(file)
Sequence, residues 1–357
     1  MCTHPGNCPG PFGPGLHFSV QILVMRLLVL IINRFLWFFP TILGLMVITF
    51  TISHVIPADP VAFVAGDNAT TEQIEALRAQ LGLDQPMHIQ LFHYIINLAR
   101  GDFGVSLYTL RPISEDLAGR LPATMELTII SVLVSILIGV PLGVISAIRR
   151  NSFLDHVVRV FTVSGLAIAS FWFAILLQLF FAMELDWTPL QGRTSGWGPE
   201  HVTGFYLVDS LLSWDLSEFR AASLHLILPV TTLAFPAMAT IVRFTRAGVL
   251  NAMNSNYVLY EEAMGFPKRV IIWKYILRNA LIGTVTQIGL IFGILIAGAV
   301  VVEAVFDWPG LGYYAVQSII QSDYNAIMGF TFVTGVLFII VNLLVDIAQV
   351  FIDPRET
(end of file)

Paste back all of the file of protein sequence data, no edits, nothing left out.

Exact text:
Sequence, residues 1–357
     1  MCTHPGNCPG PFGPGLHFSV QILVMRLLVL IINRFLWFFP TILGLMVITF
    51  TISHVIPADP VAFVAGDNAT TEQIEALRAQ LGLDQPMHIQ LFHYIINLAR
   101  GDFGVSLYTL RPISEDLAGR LPATMELTII SVLVSILIGV PLGVISAIRR
   151  NSFLDHVVRV FTVSGLAIAS FWFAILLQLF FAMELDWTPL QGRTSGWGPE
   201  HVTGFYLVDS LLSWDLSEFR AASLHLILPV TTLAFPAMAT IVRFTRAGVL
   251  NAMNSNYVLY EEAMGFPKRV IIWKYILRNA LIGTVTQIGL IFGILIAGAV
   301  VVEAVFDWPG LGYYAVQSII QSDYNAIMGF TFVTGVLFII VNLLVDIAQV
   351  FIDPRET